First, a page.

Will effect of Ratko Mladic arrest be all good?

Mark Urban
Diplomatic and defence editor, BBC Newsnight

Ratko MladicImage source, AP
Image caption,
Mladic faces charges in connection with the massacre at Srebrenica in 1995

The arrest of General Ratko Mladic coming soon after the killing of Osama Bin Laden, underlines that Western democracies will usually catch up with their enemies, even if it takes many years to do so.

That makes it harder for those fighting such countries to retain a sense of impunity.

Among critics of the United States, Nato, or the International Criminal Tribunal, failure to apprehend the likes of Saddam Hussein, Ratko Mladic, or Osama Bin Laden is often held up as an example of the inability of Western countries to prevail in the Middle East or Balkans or the futility of intervention.

When that person is captured, those hostile to the venture often quickly change their tune to, "it won't make any difference".

The evidence suggests it does make a difference - but not always in a good way. The arrest, subsequent trial, and execution of Saddam Hussein, for example, helped clear the way for a more militant, Islamic insurgent leadership in Iraq and increased communal tensions between Shia and Sunni there.

When Abu Musab al-Zarqawi, the Jordanian jihadist who then elbowed his way to the top of the insurgency, was killed by American bombs in 2006, it too made a difference leading to power struggles between would-be successors and increased tensions between the foreign fighters and the Sunni sheikhs who eventually led the "Awakening" movement against them.

In the case of Bin Laden's death, intelligence analysts are cautiously hopeful that the internal arguments produced by his demise will hamper al-Qaeda's operations for years to come.

The more optimistic among them suggest that this may prove more important than attempts by the organisation to avenge the operation on Abbottabad.

Indeed it is a trait of those involved in the hunt for terrorists or war criminals who I have met over the years that they tend to argue that the target organisation is doing all it can to harm Western interests in any case. While subsequent moves might be labelled as revenge, their argument goes, the organisation would have carried them out anyway.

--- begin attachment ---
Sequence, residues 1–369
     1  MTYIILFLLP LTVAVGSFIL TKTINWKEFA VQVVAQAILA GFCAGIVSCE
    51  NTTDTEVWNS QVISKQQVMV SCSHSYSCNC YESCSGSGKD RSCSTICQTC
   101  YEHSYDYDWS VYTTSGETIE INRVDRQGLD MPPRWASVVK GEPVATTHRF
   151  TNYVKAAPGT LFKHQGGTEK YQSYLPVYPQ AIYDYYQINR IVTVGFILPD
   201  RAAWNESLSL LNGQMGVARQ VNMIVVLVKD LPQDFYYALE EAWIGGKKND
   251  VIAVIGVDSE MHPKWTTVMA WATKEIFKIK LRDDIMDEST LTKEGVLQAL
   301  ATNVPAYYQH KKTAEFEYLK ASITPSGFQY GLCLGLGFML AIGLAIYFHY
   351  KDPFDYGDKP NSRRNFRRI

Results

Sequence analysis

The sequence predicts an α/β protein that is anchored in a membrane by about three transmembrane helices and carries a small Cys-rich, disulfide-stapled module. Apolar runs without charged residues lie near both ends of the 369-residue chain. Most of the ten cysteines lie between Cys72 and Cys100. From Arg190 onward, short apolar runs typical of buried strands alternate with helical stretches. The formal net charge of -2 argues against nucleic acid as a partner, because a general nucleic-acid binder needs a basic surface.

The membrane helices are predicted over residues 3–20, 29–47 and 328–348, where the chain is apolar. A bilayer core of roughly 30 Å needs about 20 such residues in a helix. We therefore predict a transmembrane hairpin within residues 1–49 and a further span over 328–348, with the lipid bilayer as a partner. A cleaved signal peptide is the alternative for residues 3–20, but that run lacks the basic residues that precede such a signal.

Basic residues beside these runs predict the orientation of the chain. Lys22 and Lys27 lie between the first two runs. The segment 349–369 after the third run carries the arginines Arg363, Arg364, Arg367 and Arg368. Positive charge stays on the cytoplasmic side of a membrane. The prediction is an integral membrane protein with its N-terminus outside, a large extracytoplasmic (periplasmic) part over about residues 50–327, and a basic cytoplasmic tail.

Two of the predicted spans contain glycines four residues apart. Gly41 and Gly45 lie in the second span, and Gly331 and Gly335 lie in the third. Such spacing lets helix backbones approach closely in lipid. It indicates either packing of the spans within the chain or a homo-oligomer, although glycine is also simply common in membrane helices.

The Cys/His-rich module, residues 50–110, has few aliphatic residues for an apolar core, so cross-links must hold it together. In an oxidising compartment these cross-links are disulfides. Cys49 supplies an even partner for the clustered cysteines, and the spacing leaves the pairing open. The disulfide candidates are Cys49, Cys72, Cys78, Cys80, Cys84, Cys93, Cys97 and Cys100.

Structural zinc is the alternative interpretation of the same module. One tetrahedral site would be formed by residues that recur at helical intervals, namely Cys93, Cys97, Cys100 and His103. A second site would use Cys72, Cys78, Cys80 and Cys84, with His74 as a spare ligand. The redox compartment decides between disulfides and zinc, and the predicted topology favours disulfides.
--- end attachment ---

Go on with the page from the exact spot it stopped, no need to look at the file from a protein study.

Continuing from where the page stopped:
Some argue that there can be other negative consequences of targeting enemy leadership, either with bombs or international court indictments.

If Colonel Muammar Gaddafi, for example, concludes that the recent bombing of his compound or war crimes charges leave him with no choice but to fight to the death, won't many more people perish as a result?

And if those around him feel the same way, doesn't that make the anti-Gaddafi coup, that Britain and France have hoped for since the start of their military action, less likely rather than more?

With the capture of Gen Mladic and the erstwhile Bosnian Serb leader Radovan Karadzic, the lesson likely to the drawn in the Balkans is different.

Unlike al-Qaeda, or the regime in Tripoli, they are not actively fighting at the moment. On the contrary, the willingness of the Serbian government to arrest these men and hand them over for trial in The Hague is evidence of their desire to get closer to the Western family of nations, ideally by joining the European Union.

However it is clear that the latest arrest will send its own message to Gen Mladic's old comrades in the Republika Srpska (the Serb part of Bosnia-Hercegovina). Their assembly has recently been militating for independence, breaking away from the federation created by the Dayton agreement at the end of the bloody Bosnian war.

The arrest of the Serb commander accused of personally supervising the murder of about 7,500 Bosnian Muslim men and boys at Srebrenica may serve to cool heads in the Republika Srpska. It should remind them that those responsible for fresh violence will be held accountable, and of the minimal support they could expect from the Serbian government.

While the question of Balkan fugitive war criminals is now largely closed, there are of course other enemies of the US or Nato who are still at large.

Ayman al-Zawahiri, once Bin Laden's number two, may soon release a new tape taunting the Americans. And Mullah Omar, the Afghan Taliban leader, is still thought to be at large, and arguing against the type of deal that America would like to cut.

Both Zawahiri and Mullah Omar have the consolation of faith. But recent events would suggest that the odds of either man dying a natural death, in freedom, are not good.